Shall be thy bright career forgot, thy gloomy fate untold."

So sang one in the columns of a local contemporary paper, in "Lines
suggested by the Lamented Death of the late Colonel Moodie."

At a certain period in the history of Yonge Street, as indeed of all the
leading thoroughfares of Upper Canada, about 1830-33, a frequent sign
that property had changed hands, and that a second wave of population
was rolling in, was the springing up, at intervals, of houses of an
improved style, with surroundings, lawns, sheltering plantations,
winding drives, well-constructed entrance-gates, and so on, indicating
an appreciation of the elegant and the comfortable.

We recall two instances of this, which we used to contemplate with
particular interest, a little way beyond Richmond Hill, on the left: the
cosy, English-looking residences, not far apart, with a cluster of
appurtenances round each - of Mr. Larratt Smith, and Mr. Francis Boyd.
Both gentlemen settled here with their families in 1836.

Mr. Smith had been previously in Canada in a military capacity during
the war of 1812-13, and for many years subsequently he had been Chief
Commissary of the Field Train Department and Paymaster of the Artillery.
He died at Southampton in 1860.

Mr. Boyd, who emigrated hither from the county of Kent, was one of the
first, in these parts, to import from England improved breeds of cattle.
In his house was to be seen a collection of really fine paintings,
amongst them a Holbein, a Teniers, a Dominichino, a Smirke, a Wilkie,
and two Horace Vernets. The families of Mr. Boyd and Mr. Smith were
related by marriage. Mr. Boyd died in Toronto in 1861.

Beyond Mr. Boyd's, a solitary house, on the same side of Yonge Street,
lying back near the woods, used to be eyed askance in passing: - its
occupant and proprietor, Mr. Kinnear, had in 1843 been murdered therein
by his man-servant, assisted by a female domestic. It was imagined by
them that a considerable sum of money had just been brought to the house
by Mr. Kinnear. Both criminals would probably have escaped justice had
not Mr. F. C. Capreol, of Toronto, on the spur of the moment, and purely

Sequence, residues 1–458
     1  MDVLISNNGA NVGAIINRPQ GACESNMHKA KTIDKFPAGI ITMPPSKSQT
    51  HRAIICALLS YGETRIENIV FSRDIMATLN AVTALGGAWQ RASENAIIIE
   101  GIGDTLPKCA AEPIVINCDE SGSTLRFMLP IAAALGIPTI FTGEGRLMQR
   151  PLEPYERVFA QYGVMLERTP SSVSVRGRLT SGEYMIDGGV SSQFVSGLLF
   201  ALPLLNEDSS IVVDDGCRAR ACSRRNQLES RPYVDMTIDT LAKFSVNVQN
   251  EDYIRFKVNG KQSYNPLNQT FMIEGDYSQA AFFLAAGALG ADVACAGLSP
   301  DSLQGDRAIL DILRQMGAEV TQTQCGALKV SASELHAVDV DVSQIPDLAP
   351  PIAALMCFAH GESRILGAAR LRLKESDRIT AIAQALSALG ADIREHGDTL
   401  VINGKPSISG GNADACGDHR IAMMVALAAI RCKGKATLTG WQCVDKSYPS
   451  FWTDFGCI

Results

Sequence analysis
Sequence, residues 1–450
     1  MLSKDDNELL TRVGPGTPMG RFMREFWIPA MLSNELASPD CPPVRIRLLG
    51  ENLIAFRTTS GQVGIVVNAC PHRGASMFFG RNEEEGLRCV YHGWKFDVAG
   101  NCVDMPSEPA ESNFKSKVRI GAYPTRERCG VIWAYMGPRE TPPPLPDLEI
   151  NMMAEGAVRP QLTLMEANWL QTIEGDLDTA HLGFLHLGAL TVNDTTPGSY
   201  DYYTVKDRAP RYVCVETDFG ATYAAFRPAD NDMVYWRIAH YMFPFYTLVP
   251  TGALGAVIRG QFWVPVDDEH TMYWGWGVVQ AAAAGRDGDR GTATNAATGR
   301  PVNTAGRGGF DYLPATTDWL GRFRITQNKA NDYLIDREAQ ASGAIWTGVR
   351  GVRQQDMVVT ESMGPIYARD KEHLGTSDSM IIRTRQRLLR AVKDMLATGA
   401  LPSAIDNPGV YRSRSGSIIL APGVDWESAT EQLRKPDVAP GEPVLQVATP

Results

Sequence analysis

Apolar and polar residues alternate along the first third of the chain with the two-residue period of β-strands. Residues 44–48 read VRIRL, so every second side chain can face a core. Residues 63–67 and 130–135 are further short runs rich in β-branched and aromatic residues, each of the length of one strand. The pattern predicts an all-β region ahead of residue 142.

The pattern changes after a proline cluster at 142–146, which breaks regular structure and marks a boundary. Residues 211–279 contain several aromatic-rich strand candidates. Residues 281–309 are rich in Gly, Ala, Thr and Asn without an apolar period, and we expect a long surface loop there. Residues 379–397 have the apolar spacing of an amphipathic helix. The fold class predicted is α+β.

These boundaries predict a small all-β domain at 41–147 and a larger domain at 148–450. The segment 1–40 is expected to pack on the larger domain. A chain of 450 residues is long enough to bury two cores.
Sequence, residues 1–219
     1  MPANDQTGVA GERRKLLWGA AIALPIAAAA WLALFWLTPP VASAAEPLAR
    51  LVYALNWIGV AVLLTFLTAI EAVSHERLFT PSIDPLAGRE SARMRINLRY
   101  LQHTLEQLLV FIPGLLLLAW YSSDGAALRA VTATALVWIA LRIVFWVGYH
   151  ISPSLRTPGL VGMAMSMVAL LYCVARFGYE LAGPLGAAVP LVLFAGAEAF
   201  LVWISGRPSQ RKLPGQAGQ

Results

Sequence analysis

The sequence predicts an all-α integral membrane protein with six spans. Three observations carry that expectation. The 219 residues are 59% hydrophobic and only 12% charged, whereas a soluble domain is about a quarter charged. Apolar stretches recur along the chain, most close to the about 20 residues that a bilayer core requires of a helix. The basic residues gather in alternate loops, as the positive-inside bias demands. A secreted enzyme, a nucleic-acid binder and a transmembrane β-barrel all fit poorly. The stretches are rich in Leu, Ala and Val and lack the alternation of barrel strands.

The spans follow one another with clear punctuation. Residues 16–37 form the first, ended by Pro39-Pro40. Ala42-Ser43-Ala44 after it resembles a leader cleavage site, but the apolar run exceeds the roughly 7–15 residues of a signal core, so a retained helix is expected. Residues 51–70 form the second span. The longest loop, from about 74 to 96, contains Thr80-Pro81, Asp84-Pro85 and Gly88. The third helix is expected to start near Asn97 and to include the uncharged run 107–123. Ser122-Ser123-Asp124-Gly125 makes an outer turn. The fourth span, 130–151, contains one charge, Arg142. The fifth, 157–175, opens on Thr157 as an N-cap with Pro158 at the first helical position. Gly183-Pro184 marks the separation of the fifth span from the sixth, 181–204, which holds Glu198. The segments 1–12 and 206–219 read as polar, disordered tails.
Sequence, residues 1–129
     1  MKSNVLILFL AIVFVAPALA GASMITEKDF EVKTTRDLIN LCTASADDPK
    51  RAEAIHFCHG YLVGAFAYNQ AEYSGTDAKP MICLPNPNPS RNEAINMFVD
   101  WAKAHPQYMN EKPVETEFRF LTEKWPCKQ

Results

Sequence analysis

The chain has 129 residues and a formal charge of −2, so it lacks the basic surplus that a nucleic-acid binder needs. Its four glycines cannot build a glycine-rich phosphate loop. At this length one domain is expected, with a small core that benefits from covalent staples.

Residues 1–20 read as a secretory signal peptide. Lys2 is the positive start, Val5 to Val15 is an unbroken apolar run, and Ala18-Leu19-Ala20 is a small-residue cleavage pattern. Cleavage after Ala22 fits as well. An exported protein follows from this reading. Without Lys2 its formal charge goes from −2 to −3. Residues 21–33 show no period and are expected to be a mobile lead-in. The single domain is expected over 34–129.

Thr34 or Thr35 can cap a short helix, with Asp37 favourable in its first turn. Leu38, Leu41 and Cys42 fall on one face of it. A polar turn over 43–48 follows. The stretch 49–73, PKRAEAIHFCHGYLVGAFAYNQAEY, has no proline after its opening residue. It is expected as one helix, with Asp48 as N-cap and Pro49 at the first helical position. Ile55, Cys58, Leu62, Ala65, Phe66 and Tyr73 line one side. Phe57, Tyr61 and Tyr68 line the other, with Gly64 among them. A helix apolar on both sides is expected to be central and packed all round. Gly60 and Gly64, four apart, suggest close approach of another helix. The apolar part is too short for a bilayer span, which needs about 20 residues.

from a sense of duty to the public, undertaken their capture, which he
cleverly effected at Lewiston in the United States.

The land now began to be somewhat broken as we ascended the rough and
long-uncultivated region known as the Oak Ridges. The predominant tree
in the primitive forest here was the pine, which attained a gigantic
size; but specimens of the black oak were intermingled.

Down in one of the numerous clefts and chasms which were to be seen in
this locality, in a woody dell on the right, was Bond's Lake, a pretty
crescent-shaped sheet of water. We have the surrounding property offered
for sale in a _Gazette_ of 1805, in the following terms; "For Sale, Lots
No. 62 and 63, in the first concession of the township of Whitchurch, on
the east side of Yonge Street, containing 380 acres of land: a deed in
fee simple will be given by the subscriber to any person inclined to
purchase. Johnson Butler. N.B. The above lots include the whole of the
Pond commonly called Bond's Lake, the house and clearing round the same.
For particulars enquire of Mr. R. Ferguson and Mr. T. B. Gough at York,
and the subscriber at Niagara. March 23, 1805."

Bond's farm and lake had their name from Mr. William Bond, who so early
as 1800 had established in York a Nursery Garden, and introduced there
most of the useful fruits. In 1801 Mr. Bond was devising to sell his
York property, as appears from a quaint advertisement in a _Gazette_ of
that year. He therein professes to offer his lot in York as a free gift;
the recipient however being at the same time required to do certain

"To be given away," he says, "that beautifully situated lot No. one,
fronting on Ontario and Duchess Streets: the buildings thereon are - a
small two-and-a-half storey house, with a gallery in front, which
commands a view of the lake and the bay: in the cellar a never failing
spring of fine water; and a stream of fine water running through one
corner of the lot; there is a good kitchen in the rear of the house, and
a stable sufficient for two cows and two horses, and the lot is in good